The constitution could also require the government to set minimum standards in other forms of interpersonal communication including postal services, public service broadcasting as well as a requirement to provide an offline option for accessing essential public services (i.e. physical bank branches would need to be provided in some form, paper applications would need to be available on request at least).
The European Union’s Charter of Fundamental Rights (Article 8) includes protections, and a requirement for consent, over the use of personal data. While linked to a right to privacy, in the EU this evolved to become the General Data Protection Regulation (GDPR) – both of which will cease to apply, in principle, to the UK at the end of the Brexit transition period.
That said, according to the Information Commissioner the UK intends to enshrine the GDPR in UK data protection laws (pdf – p2).
It should be relatively straightforward to include a clause similar to Article 8 in a Welsh Constitution, with a more detailed data protection law – whether a continuation of UK data laws or a bespoke law – being drafted by the Senedd to give it legal effect and to set out the details of how it would be enforced..
Similarly, a general principle of open government and public access to public documents could be included in a Welsh Constitution. The exemptions would likely be similar to those in the Freedom of Information Act: national security, diplomacy, official secrets, to prevent crime and to protect individuals from being identified without their consent.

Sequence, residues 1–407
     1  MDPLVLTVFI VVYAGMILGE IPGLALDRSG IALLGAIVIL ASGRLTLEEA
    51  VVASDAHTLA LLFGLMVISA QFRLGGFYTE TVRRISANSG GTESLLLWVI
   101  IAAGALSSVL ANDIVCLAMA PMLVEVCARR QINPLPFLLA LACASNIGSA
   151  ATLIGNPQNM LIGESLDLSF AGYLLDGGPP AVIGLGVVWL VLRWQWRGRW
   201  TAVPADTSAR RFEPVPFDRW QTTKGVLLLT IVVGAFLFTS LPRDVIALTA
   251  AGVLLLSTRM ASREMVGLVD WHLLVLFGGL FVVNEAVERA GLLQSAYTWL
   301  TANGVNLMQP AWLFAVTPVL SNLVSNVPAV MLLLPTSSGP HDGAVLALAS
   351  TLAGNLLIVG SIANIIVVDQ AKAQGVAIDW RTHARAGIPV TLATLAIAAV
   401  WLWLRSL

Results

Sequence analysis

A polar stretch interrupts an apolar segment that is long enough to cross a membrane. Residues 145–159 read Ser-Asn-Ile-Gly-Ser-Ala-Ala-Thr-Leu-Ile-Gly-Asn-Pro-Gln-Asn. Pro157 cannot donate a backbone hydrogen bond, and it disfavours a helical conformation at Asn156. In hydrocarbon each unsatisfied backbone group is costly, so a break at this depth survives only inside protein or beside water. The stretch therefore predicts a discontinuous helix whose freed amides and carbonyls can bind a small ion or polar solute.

The right to challenge cases where public bodies have refused to disclose information in the courts – with a Media Commission(er) perhaps taking on the current role of the UK Information Commissioner – could be included too.
With genomic medicines and genetic screening starting to come into their own, as well as controversies over the use and retention of DNA by the police and security services, this issue is probably going to become more important over the next decade.
While genetic medicine has the potential to completely transform healthcare – and potentially make some otherwise incurable conditions treatable – there’s a darker side to it. At the most superficial level, this hands untold power to pharmaceutical companies who may or may not have the public interest at heart.